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In the spotlight: health and safety

World Cement,

The recent merger of Lafarge and Holcim has given global attention to an industry that underpins global growth – the cement industry – and in many regions business is booming. For example, Lafarge Republic, Philippines, expects to ramp up cement production by 17% in 2015 with the opening of new mills at its plants in Rizal and Bulacan. The new mill will also contribute to Lafarge Republic's commitment to sustainability as it reduces the plant's energy consumption by 40%. Also on the sustainability agenda of large cement companies, such as Lafarge, is health and safety.

The cement and lime industry requires meticulous planning when it comes to operational risk management, particularly in safety. Ensuring safety for employees and contractors remains one of the most important issues for an industry that can involve exposure to multiple hazards at any given time. Although health and safety is heavily regulated in most western nations, until very recently standardisation has been lacking, especially in the all-important area of reporting standards for employee health and safety. The World Business Council for Sustainable Development’s Cement Sustainability Initiative (WBCSD CSI) has now published a report that will allow a common platform for reporting industry-wide figures in order to compare the cement industry against others and to have proper benchmarking.

This is a step in the right direction for the cement industry. Quality standards and benchmarking that go beyond regulatory compliance are crucial for good progressive safety management. That said, there are still major companies out their struggling to comply. However, firms simply cannot afford not to comply. Poor compliance and poor risk management, both within the organisation and within the respective supply chain, lays the company open to major strategic and reputational risk. We are all too aware of global news stories, such as labour rights issues at FoxConn, the Apple supplier. This type of issue, if it goes on unmanaged, will at some point surface and cause major reputational and financial damage to those companies not taking steps to improve visibility and control of their operational risk. The classic example is BP Deep Water Horizon. A catalogue of unmitigated risks, process failures and fragmented governance led to a tragic incident impacting the lives of many and causing BP’s share price to plummet 50% in just 55 days.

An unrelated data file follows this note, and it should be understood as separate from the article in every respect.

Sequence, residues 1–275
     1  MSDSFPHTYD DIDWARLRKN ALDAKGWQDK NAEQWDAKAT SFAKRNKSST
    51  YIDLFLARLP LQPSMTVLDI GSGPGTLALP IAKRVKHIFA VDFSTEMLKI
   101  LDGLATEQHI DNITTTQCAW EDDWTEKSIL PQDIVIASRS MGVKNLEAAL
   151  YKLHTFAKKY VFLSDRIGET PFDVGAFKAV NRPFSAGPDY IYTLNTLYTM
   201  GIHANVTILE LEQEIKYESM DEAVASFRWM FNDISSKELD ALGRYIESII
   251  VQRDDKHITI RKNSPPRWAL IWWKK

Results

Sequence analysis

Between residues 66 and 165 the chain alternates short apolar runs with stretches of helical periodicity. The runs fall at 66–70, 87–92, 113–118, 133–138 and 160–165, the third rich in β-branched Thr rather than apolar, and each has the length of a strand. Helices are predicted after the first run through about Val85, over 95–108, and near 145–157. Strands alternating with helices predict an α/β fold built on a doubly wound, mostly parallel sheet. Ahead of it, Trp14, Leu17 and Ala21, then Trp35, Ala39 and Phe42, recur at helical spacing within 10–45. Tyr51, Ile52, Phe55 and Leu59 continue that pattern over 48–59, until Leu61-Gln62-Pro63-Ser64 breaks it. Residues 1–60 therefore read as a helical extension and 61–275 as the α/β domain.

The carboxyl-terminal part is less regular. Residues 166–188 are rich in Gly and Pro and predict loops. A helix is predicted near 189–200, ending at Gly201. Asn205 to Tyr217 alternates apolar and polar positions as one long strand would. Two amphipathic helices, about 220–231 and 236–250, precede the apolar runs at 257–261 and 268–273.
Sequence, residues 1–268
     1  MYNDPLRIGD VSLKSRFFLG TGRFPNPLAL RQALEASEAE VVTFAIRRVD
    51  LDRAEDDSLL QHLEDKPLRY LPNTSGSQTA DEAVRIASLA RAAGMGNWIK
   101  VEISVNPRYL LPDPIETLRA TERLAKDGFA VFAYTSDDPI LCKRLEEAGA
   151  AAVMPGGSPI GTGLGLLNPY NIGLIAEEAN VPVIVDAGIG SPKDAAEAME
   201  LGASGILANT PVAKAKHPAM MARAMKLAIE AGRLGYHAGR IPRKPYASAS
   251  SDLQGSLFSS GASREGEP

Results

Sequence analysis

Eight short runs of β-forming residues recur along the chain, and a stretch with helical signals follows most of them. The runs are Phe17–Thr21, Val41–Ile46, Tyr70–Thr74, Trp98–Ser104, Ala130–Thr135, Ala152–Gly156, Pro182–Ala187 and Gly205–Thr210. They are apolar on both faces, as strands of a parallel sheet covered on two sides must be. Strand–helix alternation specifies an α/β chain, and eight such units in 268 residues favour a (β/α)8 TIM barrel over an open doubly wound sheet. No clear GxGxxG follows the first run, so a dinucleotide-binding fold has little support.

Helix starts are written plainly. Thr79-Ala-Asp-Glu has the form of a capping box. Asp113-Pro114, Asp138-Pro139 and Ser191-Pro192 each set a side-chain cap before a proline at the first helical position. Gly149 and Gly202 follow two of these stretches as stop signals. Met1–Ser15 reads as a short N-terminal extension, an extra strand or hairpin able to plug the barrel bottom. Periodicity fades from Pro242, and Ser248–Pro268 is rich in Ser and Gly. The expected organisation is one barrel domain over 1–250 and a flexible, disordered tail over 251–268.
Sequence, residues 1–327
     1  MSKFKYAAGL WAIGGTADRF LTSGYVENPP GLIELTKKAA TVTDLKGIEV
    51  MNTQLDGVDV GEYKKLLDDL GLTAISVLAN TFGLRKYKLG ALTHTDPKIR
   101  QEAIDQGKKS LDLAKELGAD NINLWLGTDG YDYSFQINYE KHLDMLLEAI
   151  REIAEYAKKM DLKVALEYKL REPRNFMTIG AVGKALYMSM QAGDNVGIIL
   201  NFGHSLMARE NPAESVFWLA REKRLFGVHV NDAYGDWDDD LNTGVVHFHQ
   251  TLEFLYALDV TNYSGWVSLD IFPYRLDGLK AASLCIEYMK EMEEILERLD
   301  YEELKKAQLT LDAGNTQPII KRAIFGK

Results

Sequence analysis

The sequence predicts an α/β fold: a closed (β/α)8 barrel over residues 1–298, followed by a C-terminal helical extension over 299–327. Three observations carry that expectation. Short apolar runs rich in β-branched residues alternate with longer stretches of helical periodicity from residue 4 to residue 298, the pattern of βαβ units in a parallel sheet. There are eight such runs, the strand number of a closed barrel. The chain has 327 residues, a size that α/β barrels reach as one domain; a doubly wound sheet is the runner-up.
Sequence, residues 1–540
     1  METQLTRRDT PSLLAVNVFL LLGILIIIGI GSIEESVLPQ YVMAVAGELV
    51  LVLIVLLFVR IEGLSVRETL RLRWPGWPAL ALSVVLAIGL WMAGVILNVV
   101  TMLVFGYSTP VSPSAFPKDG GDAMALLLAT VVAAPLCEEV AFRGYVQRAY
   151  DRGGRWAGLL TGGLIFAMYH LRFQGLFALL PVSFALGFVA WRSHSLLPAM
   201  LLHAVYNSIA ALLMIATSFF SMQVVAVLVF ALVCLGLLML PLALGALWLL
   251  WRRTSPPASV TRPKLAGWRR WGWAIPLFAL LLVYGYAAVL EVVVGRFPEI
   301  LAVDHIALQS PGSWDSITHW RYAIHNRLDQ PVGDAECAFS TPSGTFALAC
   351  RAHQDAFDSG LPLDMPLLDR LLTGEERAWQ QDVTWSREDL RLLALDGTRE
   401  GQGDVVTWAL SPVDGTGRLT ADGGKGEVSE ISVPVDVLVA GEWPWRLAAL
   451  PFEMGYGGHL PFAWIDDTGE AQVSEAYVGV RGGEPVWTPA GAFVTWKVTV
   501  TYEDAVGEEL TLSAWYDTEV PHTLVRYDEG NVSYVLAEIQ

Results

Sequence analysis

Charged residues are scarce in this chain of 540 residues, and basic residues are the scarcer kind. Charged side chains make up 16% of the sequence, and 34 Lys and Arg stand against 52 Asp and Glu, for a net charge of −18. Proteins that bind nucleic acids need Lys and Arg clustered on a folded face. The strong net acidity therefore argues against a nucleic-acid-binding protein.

A more recent example of non-compliance to the safety rules set out by state administrators is Honda USA, fined US$70 million for not managing their safety and operational risk to an acceptable standard, and for not reporting incidents to the NHTSA (National Highway Transport Safety Administration). The fine was plainly intended as a powerful message to the rest of that industry: non-compliance will not be tolerated where safety is concerned. Regulators are happy to make public relations cases out of these issues, which can really damage a company’s reputation. Honda has since issued a response to the fines, saying it has identified “several shortcomings in its compliance with NHTSA's Early Warning Reporting requirements”.

It goes to show that regardless of company size and standing, regulators are putting their foot down, with fines leaving black marks that companies will find difficult to remove and pivot back from. Many organisations in the cement sector must report to the relevant regulators, such as the HSE in the UK or OSHA (Occupational Safety and Health Administration) in the US. The industry is making strides in the right direction but culprits will continue to receive increasingly large and public fines. Firms should be aware that a lacklustre approach to operational risk and health and safety will always directly impact their bottom line, from lost time of works through to claims and litigation.

When it comes to health and safety, companies and the decision makers running them must drive social responsibility from the top. Ultimately it lies with the company board to inspire change and engrain values into the company’s ethos. Firms need to be conducting the right processes and procedures, as well as implementing the right technology. Improving the visibility of risk in your operations is vital; where is the risk happening and why is it happening? If you can access this information and view complex analytics all in one place, that is one of the main battles won – especially if it makes you aware of best practice procedures for your industry or your legal obligations in a particular country. As well as providing accessible information to those at the top of the chain, it is also important to provide the rest of the company with the tools required to manage the majority of safety hazards at source, before they become a problem.

Rivo platform.

Companies that have lacked the right technology in the past to provide that important mesh to hold together good governance and process can breathe a sigh of relief as now the technology is absolutely there to be embraced. They can now use the same system around the world for all of their operations and identify potential risks, yet tailor it to each nuanced region in terms of process and culture. Driving high user adoption with consumer grade user experiences means that decision makers can look forward to more and better data to drive decisions and, ultimately, safer operations.

Written by James Jameson, VP Product Strategy, Rivo.

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